Many pictures are posted on Pixiv each day that also feature a lot of anime shows.
If you just randomly open Pixiv, the homepage is full with pictures of the community. As I type this the homepage is heavily featured with Love Live! related artworks. Is this coincidental? Or can this be a marketing scheme from the webmasters from Pixiv in collaboration with the studio?
The first Blu-Ray boxset sales of the second season of Love Live, which was released the 20th of June 2014,reached 82000 units in the first week. Being the best selling Blu-ray in Japan in that particular week. Not only were the Blu-ray sales impressive, the cosplay community massively purchased the Love Live! school uniform giving it a number one spot.
The interest is high and therefore indicates an active following, which results in fans expressing their enthusiasm for the franchise. Which can be expressed through cosplaying, buying the product, but also fanart. This seems to work together along smoothly, since a large following will result in more exposure by fans of the franchise. The studio releases teaser images themselves which can also drive awareness and active the fanbase. Nonetheless, the popularity is still high long after the original airing date. But it’s still interesting to see that Pixiv prominently features Love Live! on its homepage.
This can be as I stated earlier, a natural occurrence, where Pixiv features artwork that is popular on its network on its frontpage. Since the frontpage functions as sort of a billboard to invite the visitor to engage more on the website, consequently browsing and seeing more banners from advertisers. Yet there can also be another theory. That portions of the frontpage are sold to studios to guarantee that their franchise is featured, resulting in a relative neutral advertising platform.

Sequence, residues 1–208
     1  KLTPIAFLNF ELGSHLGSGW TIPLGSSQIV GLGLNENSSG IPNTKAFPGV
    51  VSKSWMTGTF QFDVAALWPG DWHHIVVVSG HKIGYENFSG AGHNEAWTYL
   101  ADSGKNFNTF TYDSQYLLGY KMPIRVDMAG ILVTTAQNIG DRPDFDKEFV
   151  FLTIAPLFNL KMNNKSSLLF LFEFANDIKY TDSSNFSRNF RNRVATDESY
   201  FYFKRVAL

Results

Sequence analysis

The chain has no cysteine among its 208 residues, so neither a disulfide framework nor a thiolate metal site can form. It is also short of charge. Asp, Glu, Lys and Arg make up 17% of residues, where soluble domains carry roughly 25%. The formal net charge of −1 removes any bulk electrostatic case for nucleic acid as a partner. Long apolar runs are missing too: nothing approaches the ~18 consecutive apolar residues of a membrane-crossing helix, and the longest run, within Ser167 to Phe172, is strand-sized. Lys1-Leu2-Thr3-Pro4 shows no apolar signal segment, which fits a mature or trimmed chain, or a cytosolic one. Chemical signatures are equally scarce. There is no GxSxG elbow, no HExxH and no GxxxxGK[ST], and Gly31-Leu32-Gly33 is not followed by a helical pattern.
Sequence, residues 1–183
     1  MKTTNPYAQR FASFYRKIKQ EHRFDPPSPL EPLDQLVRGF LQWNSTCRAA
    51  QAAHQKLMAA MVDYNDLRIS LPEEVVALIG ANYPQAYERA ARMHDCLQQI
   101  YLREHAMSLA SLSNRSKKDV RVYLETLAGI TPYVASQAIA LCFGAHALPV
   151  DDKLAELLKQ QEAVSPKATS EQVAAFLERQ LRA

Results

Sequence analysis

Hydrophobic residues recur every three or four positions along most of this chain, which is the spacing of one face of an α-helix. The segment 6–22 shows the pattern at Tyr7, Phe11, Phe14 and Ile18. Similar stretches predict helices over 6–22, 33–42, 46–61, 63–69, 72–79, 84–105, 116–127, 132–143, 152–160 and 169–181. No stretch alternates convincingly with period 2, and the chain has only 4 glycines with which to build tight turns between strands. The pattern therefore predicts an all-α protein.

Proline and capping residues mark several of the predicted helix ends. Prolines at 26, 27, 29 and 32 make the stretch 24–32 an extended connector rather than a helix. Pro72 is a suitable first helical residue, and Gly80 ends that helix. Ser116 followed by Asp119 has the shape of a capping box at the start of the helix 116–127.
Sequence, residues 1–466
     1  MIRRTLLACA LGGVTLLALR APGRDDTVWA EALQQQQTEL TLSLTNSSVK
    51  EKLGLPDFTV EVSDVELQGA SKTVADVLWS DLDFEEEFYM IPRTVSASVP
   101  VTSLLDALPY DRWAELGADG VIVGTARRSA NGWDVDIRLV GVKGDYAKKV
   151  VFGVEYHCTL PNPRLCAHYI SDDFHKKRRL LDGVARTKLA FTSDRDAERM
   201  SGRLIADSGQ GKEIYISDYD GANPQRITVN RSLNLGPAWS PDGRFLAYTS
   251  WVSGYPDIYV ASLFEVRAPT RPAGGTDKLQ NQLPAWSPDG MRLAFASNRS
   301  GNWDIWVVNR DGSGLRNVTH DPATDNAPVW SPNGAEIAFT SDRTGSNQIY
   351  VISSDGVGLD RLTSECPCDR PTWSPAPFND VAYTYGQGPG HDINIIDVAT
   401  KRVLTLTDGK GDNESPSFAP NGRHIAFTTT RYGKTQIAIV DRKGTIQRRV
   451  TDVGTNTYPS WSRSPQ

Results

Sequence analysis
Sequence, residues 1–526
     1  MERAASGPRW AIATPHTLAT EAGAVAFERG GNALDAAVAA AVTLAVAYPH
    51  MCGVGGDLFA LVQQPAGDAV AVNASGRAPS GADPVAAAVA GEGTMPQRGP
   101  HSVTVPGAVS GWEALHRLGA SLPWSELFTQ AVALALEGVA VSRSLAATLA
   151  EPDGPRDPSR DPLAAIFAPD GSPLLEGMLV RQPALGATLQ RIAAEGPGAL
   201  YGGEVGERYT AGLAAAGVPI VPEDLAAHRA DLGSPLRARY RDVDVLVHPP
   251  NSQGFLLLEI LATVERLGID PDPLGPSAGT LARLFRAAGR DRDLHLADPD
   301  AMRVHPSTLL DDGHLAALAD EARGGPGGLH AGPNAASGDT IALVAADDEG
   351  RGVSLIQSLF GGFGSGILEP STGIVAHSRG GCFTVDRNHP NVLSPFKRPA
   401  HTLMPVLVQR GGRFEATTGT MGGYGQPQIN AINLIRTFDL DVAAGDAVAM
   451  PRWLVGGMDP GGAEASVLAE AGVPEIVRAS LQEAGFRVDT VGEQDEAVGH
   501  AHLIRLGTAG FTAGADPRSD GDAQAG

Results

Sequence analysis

That’s not an unreasonable thought that Pixiv in collaboration with studios tries to stimulate the popularity of franchises to drive sales. Just like Twitter that sells paid trends to stimulate certain topics to be discussed, creating product or brand awareness. Apart from bannering, there could be more sales-features within Pixiv. This isn’t really a problem since both parties need each other to exist. Pixiv needs money to run its service and attract more artists and studio’s on the other hand need the exposure to promote their products.
Some shows barely have any exposure, perhaps due to low marketing budgets resulting in low awareness, bad ratings and consequently a small following that produces ‘promotional’ material. In that respect the Pixiv frontpage tells you which shows have a massive following or the most marketing to provoke this behavior. As an anime enthusiast you get a feel in what is trending, what you can blog about or catch up on anime you might have missed.